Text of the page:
943rd Rescue Group conducts maritime training exercise off California coast

  • Published
  • By Capt. Amanda Ling, 920th Rescue Wing Public Affairs

More than 400 members of the 943rd Rescue Group along with other reserve, active duty, and joint components took over the remote San Clemente and San Nicolas Islands to conduct exercise Distant Fury Stallion, a maritime training exercise, last week.

The exercise, which took place off the coast of California, is designed to test the ability of the 943rd RQG to work within the agile combat employment construct to deploy, sustain, and execute a maritime mission as though they were in the Indo-Pacific area of operations.

“We are getting after General Brown's marching orders to ‘accelerate change or lose’ specifically in terms of rescue,'' said Col. Jesse Hamilton, 943rd Group Commander. “This is the first time for us putting together a scenario that looked like what our members would likely see in the Indo-Pacific arena. This is a closer representation of what our threat might be; working off an island, in the Pacific, jointly with the Navy.”

Members of the 943rd Operations Support Squadron constructed a forward operating base as a precursor to exercise events. Group members filed through what is called the horseshoe, a mock pre-deployment line where personnel received a mission brief, their travel orders, MRE’s, and other necessary gear, and then were taken to an open field Here personnel worked together to assemble tents and establish a secure area. Training centered around implementing the multi-capable airmen concept. No matter an airmen’s job, all were required to augment security forces for FOB defense and receive training on Tactical Combat Casualty Care (TCCC).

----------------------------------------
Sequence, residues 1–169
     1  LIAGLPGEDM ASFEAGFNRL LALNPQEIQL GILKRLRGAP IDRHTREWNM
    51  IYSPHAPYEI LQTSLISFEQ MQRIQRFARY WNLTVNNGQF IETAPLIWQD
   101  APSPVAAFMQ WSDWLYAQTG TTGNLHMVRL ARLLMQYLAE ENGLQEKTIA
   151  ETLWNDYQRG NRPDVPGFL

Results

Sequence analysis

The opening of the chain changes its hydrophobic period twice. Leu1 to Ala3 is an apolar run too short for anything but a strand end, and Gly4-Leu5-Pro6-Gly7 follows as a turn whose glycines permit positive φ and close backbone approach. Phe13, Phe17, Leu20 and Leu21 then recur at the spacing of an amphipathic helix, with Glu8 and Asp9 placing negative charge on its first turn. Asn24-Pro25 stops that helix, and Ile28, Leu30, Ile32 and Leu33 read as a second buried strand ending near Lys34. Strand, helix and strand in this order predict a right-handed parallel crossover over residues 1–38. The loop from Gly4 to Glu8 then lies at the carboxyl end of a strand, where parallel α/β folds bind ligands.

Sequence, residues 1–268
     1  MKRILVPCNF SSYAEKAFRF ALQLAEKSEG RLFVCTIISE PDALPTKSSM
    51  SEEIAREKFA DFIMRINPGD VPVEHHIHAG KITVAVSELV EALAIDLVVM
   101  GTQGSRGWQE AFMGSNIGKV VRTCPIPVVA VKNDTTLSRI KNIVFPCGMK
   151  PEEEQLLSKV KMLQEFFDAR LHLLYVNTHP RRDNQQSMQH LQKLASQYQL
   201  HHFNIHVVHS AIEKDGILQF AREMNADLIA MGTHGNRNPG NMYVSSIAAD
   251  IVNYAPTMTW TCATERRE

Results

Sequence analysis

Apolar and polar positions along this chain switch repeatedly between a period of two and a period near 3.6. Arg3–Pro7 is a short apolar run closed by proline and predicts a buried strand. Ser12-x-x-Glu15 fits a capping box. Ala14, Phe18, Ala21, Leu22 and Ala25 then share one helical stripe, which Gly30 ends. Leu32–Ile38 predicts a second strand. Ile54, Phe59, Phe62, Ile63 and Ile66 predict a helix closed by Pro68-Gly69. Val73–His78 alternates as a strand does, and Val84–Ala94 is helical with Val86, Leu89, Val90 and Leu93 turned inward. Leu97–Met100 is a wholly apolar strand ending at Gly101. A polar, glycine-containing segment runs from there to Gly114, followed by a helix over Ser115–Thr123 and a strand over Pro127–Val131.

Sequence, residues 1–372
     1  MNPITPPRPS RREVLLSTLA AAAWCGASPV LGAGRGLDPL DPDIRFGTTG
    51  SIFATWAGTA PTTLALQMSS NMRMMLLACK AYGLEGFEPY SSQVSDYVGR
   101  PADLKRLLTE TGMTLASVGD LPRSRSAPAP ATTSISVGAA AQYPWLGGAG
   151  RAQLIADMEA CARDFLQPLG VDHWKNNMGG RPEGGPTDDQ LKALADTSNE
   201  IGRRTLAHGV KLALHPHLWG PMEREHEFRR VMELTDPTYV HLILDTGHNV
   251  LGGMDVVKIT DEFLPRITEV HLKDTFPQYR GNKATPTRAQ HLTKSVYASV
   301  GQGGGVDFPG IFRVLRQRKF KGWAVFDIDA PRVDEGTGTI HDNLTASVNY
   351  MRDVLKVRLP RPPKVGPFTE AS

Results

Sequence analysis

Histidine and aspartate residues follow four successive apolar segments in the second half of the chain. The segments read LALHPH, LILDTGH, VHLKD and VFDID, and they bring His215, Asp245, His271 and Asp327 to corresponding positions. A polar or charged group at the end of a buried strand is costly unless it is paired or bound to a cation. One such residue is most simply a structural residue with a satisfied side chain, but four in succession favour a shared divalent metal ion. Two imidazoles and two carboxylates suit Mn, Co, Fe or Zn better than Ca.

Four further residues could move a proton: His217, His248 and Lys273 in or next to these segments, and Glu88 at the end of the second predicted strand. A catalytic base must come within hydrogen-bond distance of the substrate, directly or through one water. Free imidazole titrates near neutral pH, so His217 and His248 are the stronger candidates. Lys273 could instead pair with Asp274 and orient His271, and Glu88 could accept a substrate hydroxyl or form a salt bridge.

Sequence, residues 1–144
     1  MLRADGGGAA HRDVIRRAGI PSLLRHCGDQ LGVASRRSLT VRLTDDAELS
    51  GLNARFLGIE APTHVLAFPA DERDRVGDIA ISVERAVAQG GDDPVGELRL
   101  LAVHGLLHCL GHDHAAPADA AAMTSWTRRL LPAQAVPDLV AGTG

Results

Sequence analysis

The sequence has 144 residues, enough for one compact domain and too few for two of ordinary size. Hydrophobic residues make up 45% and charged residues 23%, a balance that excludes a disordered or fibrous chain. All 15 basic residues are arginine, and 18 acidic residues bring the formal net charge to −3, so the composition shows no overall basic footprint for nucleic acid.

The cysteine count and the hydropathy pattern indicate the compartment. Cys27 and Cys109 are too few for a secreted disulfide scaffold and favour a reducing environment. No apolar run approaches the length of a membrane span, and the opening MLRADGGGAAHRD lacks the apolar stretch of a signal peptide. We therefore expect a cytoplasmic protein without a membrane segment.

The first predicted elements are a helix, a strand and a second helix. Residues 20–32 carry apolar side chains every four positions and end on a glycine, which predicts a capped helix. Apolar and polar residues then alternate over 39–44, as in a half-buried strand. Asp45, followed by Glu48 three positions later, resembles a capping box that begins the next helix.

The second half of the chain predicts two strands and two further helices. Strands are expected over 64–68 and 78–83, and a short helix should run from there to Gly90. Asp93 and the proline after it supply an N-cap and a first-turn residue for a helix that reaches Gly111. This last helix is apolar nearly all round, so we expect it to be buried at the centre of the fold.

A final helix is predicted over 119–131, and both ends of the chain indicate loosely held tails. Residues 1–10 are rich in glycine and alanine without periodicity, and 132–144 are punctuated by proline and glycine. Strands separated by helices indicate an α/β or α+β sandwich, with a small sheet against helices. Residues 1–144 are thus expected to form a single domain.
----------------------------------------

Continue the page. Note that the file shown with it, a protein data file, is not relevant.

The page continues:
At an adjacent hangar Chemical Biological Radiological and Nuclear or Explosive (CBRNE) training was conducted. Airmen were given a review of symptoms of exposure in chemical warfare and defending against CBRNE threats as well as an overview of alert color levels, force protection condition levels and corresponding mission-oriented protective posture gear level and procedures appropriate to each scenario. They then inspected their M50 gas masks and Mission Oriented Protective Posture (MOPP) gear. Participants were presented with scenarios which required different levels of donning all their gear while executing perimeter checks of the assigned area. The final step in the process was to appropriately remove their gear as they filtered through a decontamination line.

Three helicopter rescue teams consisting of members from 305th Rescue Squadron flying the HH-60 Pave Hawk, pararescuemen (PJ) from the 306th RQS, and two maintainers from the 943rd Maintenance group, along with two security forces Airmen established a forward operating site (FOS) on San Nicolas Island, 440 nautical miles from Davis Monthan AFB.

The Pave Hawks flew out to the island without stopping, by enlisting  the aid of the 39th Rescue Squadron, HC-130J Combat King II from the 920th RQW at Patrick Space Force Base, Fla. who performed HAAR, helicopter air-to-air refueling with the HH-60’s. In-air refueling increases the flight time of the HH-60’s by double with each refueling, therefore extending their range and maximizing their mission capabilities.